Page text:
Is 'fiction novel' the 'pin number' of books?

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"It's a fiction novel."

When you hear that, does it go right by? Or do you think: "Did you, now? Did you drink some wet water?"

Not everyone has an opinion on "fiction novel," but those who do tend to have strong ones. Benjamin Dreyer, author of Dreyer's English and copy chief of Random House, calls the term "appalling." A novel, as he explains, is by definition a work of fiction. And yet, "[l]ately one encounters people referring to any full-length book, even a work of nonfiction, as a novel," Dreyer observes. "That has to stop."

He's not alone in the opinion. As author Casey McCormick discovered, among literary agents, "'fiction novel' is considered an automatic 'you shouldn't be querying if you don't know why this is wrong' thing." It shows you're clueless about something that is considered core knowledge: Novels have been fiction by definition for more than three centuries, since authors like Daniel Defoe first started writing long, coherent, fictional prose narratives.

And yet — as Dreyer also notes — a "nonfiction novel" is a thing and has been at least since Truman Capote wrote In Cold Blood. A nonfiction novel is, to give Merriam-Webster's definition, "a book-length factual narrative written in the style of a novel." So, clearly, a distinction can be made. And, clearly, some people think you need to make the distinction either way.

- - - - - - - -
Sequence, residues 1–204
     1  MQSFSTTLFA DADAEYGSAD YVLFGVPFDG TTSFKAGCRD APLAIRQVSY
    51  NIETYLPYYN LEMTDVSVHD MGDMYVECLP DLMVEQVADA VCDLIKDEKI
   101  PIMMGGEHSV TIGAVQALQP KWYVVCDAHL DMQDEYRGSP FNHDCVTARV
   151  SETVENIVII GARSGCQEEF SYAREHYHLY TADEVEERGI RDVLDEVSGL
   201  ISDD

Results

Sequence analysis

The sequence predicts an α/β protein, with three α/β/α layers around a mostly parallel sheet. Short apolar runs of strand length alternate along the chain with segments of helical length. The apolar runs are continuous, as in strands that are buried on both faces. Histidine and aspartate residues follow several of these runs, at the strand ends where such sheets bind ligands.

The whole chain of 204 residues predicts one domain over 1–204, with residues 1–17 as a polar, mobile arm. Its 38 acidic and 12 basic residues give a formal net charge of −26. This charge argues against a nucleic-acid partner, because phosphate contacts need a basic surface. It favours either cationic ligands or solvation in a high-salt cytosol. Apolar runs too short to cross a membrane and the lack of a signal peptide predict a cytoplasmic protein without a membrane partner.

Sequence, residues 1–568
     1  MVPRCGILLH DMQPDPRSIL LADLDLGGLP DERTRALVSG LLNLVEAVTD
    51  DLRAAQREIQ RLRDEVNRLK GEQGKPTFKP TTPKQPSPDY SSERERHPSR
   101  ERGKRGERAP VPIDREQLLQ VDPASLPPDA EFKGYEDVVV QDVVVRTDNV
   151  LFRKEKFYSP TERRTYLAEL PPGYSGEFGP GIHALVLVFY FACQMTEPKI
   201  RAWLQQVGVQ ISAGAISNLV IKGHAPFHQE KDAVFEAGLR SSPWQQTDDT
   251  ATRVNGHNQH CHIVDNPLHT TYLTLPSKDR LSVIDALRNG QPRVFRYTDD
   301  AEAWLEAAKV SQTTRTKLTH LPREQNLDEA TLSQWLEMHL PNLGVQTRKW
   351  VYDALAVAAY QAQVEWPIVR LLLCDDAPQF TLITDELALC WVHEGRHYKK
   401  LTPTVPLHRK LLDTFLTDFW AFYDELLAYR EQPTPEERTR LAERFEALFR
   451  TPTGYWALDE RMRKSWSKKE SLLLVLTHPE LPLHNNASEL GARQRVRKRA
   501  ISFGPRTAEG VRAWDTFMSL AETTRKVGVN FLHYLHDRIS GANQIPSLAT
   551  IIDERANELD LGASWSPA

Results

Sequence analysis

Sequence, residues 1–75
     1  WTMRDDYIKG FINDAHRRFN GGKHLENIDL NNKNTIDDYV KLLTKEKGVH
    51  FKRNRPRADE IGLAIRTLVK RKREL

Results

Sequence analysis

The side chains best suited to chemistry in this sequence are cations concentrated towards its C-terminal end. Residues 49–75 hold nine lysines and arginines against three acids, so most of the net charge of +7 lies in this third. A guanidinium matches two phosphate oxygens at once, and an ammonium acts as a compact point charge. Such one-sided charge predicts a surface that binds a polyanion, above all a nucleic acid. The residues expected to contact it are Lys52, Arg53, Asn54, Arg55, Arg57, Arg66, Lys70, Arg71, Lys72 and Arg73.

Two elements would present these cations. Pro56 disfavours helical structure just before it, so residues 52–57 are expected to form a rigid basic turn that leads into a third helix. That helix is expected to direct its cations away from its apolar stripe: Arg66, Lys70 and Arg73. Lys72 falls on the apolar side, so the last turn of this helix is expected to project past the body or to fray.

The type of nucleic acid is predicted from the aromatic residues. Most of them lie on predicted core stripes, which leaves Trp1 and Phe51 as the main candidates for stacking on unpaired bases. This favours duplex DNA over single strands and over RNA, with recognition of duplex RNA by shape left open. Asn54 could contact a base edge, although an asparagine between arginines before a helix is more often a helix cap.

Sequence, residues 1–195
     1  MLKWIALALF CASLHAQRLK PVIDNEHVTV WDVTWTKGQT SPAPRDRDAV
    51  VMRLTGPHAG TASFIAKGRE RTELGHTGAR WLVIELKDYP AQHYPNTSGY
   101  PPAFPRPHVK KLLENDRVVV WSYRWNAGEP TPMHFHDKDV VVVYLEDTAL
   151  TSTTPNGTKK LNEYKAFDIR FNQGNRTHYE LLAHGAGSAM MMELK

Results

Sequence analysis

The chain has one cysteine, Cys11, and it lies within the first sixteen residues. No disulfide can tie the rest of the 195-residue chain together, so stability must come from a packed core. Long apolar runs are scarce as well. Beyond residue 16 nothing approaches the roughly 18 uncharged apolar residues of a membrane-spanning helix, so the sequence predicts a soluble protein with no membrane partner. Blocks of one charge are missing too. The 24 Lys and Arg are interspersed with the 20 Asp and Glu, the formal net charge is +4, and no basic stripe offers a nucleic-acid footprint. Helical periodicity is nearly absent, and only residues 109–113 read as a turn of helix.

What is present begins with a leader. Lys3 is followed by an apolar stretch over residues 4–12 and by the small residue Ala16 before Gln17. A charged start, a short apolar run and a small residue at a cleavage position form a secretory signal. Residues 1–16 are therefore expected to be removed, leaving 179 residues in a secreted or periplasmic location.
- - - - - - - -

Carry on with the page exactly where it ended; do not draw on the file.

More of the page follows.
So what is the status of "novel"? Is it absolutely and forever fiction by definition, or is this, uh, novel sense taking over?

Is it like a mile?

Some words have legal definitions. A standard mile is 5,280 feet (1,760 yards), for example, and you can't say "I'm claiming distance expenses on the basis of a 4,000-foot mile because that's our in-house definition." That doesn't keep people from using "mile" figuratively or in extended senses, but you wouldn't need to say "a 5,280-foot mile" except in unusual circumstances (such as on a ship, because a nautical mile is different).

But is "novel" like that? There's no legislation saying so. If you published a book that was entirely true and called it a novel, some people might want to sue you, but it wouldn't be a slam-dunk court case (unlike the reverse: If you say something is nonfiction and it's actually fiction, expect to lose badly if you're caught).

Is it like a marathon?

Some words have official definitions within certain fields but are often used loosely by outsiders. A marathon, for instance, is officially a race of 26 miles and 385 yards (or 42.195 kilometers). If you're talking to a serious runner, and you say, "Shopping yesterday was a real marathon," they won't correct you, because that's obviously figurative. But if you say, "I'm going to run a 5k marathon," expect them to wince and inform you that a 5k, a race of 5 kilometers, is less than one eighth of a marathon. You will have marked yourself as someone who is, um, new to running.

This is very similar to the case with "fiction novel": The nature of a novel is a matter of core knowledge in the field. But official marathons are measured to exacting standards, and if you haven't run the distance, you haven't run a marathon. Novels don't have a specified maximum of fact they can contain — all novels contain some true details, but if you tell a true story with just one fiction, can you call it a novel? How about two fictions? Three?

Is it like dinner?